A vessel, named the Harmony, built by Messrs. Fellows and Son, of Yarmouth, for the Moravian mission in Labrador, was launched.
May 18th 1861
The census returns were published on this date. In Norwich the number of inhabited houses was 17,012; uninhabited, 786; building, 97. The population consisted of 33,717 males, and 40,697 females; total, 74,414.
May 20th 1861
A serious military riot took place at Yarmouth, between men of the Royal Artillery and of the East Norfolk Militia. Belts and stones were freely used. A party of 200 Artillerymen, armed with swords and knives, issued from the arsenal, and were going to the assistance of their comrades, when Mr. R. Steward, by persuasion and threats, kept the greater portion from proceeding further. Officers of both corps exerted themselves to quell the disturbance, and strong pickets were stationed at the bridge, to prevent the Artillery from entering Yarmouth and the Militia from crossing to Southtown.
June 13th 1861
The Norwich Grammar School athletic sports were held for the first time.
June 18th 1861
A memorial was presented to the Norwich Town Council, by farmers, graziers, dealers, &c., praying the Corporation to enlarge the Cattle Market. The Market Committee recommended the Council to adopt in its entirety a plan for executing the work, at a cost not exceeding £20,000. This scheme involved the demolition of the notorious locality known as Pump Street.
June 20th 1861
Mr. and Mrs. Ringer, of Walcot Green, near Diss, left their house in charge of a servant, named Susan Garrod, and on their return in the evening found her suffering from several gunshot wounds in the head and face, inflicted by a man named Charles Sheldrake, a returned convict, employed as a groom and gardener by Mr. Ringer. Sheldrake, after committing the deed, secreted himself in a wood. On being called on by the police to surrender, he placed the muzzle of a double-barrelled gun to his mouth and blew out his brains. At the inquest the jury returned a verdict of _felo de se_, and the Coroner gave a warrant for the interment of the body between the hours of nine and twelve o’clock. “The body was accordingly buried at ten o’clock at night, under one of the paths in the churchyard.”
June 24th 1861
The London Royal English Opera Company commenced a week’s engagement at Norwich Theatre. The repertory included “four new successful operas never before performed in Norwich,” namely, Balfe’s “The Rose of Castille,” Loder’s “The Night Dancers,” Macfarren’s “Robin Hood,” and Balfe’s “Satanella, or the Power of Love.” In addition to the above-named works, “Il Trovatore,” “Martha,” and “Maritana” were produced. The _artistes_ included Miss Fanny Ternan, Miss Bronte, Miss Angel, Miss Fanny Reeves, Mr. Edmund Rosenthal, Mr. J. Manley, Mr. E. D. Corri, Mr. Oliver Summers, and Mr. Elliott Galer. Mr. W. Meyer Lutz was the conductor. The performances received very inadequate public support. The company revisited Norwich for six nights, commencing on September 9th.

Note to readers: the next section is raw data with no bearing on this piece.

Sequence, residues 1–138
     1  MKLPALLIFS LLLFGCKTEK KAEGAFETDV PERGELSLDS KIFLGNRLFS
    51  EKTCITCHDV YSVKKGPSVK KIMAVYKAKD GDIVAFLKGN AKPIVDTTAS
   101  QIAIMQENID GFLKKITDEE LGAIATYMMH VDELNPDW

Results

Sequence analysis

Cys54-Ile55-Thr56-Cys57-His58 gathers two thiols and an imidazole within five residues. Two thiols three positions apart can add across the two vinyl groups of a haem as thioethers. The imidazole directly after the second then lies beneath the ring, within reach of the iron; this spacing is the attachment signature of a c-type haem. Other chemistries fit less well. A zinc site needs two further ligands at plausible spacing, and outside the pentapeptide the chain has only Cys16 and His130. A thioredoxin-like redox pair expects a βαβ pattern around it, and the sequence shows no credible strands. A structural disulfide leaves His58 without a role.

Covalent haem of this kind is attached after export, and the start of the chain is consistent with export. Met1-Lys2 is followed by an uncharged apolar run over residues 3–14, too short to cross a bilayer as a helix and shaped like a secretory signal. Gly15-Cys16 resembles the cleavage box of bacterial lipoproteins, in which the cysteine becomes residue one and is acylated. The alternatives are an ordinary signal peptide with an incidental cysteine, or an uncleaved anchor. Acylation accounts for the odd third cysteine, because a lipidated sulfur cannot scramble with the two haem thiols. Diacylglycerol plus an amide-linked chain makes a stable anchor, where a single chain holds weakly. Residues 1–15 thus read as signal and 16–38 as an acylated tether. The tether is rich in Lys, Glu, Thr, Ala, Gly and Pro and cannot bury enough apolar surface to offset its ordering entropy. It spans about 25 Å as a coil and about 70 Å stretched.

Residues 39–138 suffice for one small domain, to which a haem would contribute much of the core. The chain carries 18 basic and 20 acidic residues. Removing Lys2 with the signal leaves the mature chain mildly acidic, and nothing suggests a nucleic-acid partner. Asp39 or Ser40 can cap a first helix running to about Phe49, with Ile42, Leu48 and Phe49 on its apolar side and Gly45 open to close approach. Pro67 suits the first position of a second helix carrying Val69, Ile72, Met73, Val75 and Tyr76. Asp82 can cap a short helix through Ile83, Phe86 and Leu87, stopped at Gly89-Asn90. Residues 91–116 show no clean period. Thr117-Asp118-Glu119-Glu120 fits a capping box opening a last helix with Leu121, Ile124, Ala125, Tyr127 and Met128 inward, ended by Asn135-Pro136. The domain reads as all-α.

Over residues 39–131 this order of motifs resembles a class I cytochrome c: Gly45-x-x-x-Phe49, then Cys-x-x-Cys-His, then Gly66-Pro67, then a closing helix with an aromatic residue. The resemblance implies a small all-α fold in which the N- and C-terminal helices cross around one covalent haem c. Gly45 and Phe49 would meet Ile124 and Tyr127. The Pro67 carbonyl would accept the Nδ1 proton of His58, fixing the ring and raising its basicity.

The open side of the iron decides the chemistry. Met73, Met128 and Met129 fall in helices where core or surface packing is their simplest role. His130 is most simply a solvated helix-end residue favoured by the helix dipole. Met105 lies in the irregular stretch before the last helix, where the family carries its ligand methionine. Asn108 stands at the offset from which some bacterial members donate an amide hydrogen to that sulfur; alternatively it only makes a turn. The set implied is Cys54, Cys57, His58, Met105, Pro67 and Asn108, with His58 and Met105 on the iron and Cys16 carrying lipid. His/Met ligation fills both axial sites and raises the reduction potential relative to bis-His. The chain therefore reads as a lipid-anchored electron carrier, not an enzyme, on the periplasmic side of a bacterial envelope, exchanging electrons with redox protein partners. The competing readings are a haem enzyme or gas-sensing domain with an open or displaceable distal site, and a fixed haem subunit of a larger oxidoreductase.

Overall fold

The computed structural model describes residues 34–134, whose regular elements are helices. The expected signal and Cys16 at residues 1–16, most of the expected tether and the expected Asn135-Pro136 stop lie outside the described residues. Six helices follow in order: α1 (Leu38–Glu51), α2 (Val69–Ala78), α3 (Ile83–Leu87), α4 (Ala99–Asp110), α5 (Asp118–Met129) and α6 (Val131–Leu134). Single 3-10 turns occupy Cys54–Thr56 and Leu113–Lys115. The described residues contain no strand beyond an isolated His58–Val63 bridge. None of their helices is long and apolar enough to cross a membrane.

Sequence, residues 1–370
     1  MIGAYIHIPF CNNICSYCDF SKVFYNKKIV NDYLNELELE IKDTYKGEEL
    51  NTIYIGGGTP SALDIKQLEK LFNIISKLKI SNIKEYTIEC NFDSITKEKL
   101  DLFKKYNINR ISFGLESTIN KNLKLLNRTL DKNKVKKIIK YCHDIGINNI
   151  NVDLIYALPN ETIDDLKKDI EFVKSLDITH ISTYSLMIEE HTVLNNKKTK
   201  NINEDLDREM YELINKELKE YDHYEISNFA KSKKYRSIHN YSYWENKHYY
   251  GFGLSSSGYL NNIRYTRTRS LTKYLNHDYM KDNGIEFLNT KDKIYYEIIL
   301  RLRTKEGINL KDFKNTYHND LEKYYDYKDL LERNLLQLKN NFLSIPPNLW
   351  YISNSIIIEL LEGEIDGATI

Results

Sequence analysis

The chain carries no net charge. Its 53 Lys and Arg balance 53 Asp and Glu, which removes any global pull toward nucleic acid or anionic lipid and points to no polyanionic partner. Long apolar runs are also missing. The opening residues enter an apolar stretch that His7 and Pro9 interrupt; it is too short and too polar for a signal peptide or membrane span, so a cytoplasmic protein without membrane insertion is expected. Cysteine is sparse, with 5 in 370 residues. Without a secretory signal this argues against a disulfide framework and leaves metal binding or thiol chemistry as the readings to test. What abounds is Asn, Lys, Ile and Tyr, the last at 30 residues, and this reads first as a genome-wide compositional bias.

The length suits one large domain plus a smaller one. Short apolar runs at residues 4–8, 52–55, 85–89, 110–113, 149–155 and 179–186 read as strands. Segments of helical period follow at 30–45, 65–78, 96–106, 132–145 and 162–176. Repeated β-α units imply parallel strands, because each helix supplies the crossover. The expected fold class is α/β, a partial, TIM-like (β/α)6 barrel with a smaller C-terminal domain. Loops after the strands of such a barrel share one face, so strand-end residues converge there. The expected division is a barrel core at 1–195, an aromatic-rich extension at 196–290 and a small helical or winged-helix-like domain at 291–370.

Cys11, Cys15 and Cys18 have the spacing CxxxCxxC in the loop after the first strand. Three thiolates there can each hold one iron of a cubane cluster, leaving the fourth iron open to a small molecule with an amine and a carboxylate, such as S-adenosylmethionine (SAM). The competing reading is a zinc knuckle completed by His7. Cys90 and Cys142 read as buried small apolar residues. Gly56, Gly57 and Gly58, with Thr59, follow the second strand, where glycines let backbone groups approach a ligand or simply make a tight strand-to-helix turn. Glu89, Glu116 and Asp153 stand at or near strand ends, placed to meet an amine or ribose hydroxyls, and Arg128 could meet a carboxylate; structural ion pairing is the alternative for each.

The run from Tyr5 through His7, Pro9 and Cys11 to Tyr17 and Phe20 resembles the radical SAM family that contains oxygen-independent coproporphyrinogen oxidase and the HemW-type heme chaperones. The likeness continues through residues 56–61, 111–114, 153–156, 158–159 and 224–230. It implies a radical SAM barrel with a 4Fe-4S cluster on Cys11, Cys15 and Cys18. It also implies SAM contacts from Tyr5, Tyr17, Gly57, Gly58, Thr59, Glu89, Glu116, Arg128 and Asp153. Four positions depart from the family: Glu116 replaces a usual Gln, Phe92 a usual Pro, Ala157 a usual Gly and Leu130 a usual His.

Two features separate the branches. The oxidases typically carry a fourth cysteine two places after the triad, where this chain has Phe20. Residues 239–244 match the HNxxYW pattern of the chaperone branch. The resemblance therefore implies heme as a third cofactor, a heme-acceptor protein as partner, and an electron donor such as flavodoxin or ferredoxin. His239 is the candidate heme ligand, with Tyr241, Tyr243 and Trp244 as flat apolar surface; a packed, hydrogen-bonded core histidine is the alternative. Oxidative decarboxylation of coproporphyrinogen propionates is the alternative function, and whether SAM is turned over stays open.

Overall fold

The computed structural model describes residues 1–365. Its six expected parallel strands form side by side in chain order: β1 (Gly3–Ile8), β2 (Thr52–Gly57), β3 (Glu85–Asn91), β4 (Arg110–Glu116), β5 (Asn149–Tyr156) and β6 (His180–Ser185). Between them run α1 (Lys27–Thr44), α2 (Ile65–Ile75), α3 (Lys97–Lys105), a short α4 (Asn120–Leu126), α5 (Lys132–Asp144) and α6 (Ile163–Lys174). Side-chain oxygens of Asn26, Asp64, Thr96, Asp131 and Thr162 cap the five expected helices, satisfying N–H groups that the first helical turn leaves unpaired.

June 24th 1861
Herr Kolisch, the celebrated chess-player, contested, at the Rampant Horse Hotel, Norwich, 13 games simultaneously against some of the best players in the neighbourhood. He won eight games, lost three, and two were drawn.
June 28th 1861
Died, at Feniton Court, Devonshire, the Right Hon. Sir John Patteson. The second son of the Rev. Henry Patteson, and nephew of Mr. John Patteson, who for some time represented Norwich in Parliament, he was born in that city on February 11th, 1790. He was educated at Eton and King’s College, Cambridge, and, after talking his degree, removed to London and entered at the Middle Temple. On being called to the Bar, he went the Northern Circuit. “He had been only nine years a barrister, he had not a silk gown, he had never led a cause or once addressed a jury,” when he was appointed to the Queen’s Bench, and from that time to February 11th, 1852, continued to discharge the duties of his high office with a reputation for industry, learning, and integrity.
July 20th 1861
“The first number of the NORFOLK CHRONICLE was published on the 18th of July, 1761. We are, therefore, as journalists, exactly 100 years old. . . . The difference between the newspapers of the last and present century is, perhaps, more conspicuous in the quantity of space occupied than in any other respect, and the present sheet is at least four times the size of our first publication.”
July 27th 1861
“The repairs at St. Gregory’s church, Norwich, the interior of which has been undergoing general restoration, have brought to light an interesting fresco, representing the renowned fight between St. George and the Dragon, a subject which has a local association, St. George being the titular saint of the city and patron of a once flourishing civic company. The painting, which, in all probability, is of a date of the middle of the fifteenth century, was discovered on the removal of the organ at the west end of the north aisle, for the purpose of cleaning the wall. The figures are life-size, and the colours and drawing exceedingly good.”
July 27th 1861
At the Norfolk Assizes, before Chief Justice Erle and a special jury, a libel action, Lane _v._ the Yarmouth Free Press and Printing Company, Limited, was tried. Damages were laid at £300. The declaration alleged that the defendants published in a paper called the “Yarmouth Independent,” certain reflections upon the plaintiff in his capacity as collector of market tolls. The defendants contended that, at the request of and by agreement with the plaintiff, they had inserted in the newspaper a paragraph explaining the alleged libel, and had exonerated him from the imputations made against his character, and plaintiff had accepted it as satisfaction. The case ended with the withdrawal of a juror.
August 1st 1861
Died at the residence of his son-in-law, 48, Elgin Crescent, Notting Hill, in his 84th year, Philip John Money, formerly captain of the 17th Regiment. He was a magistrate of Norwich, and served the office of Mayor in 1839.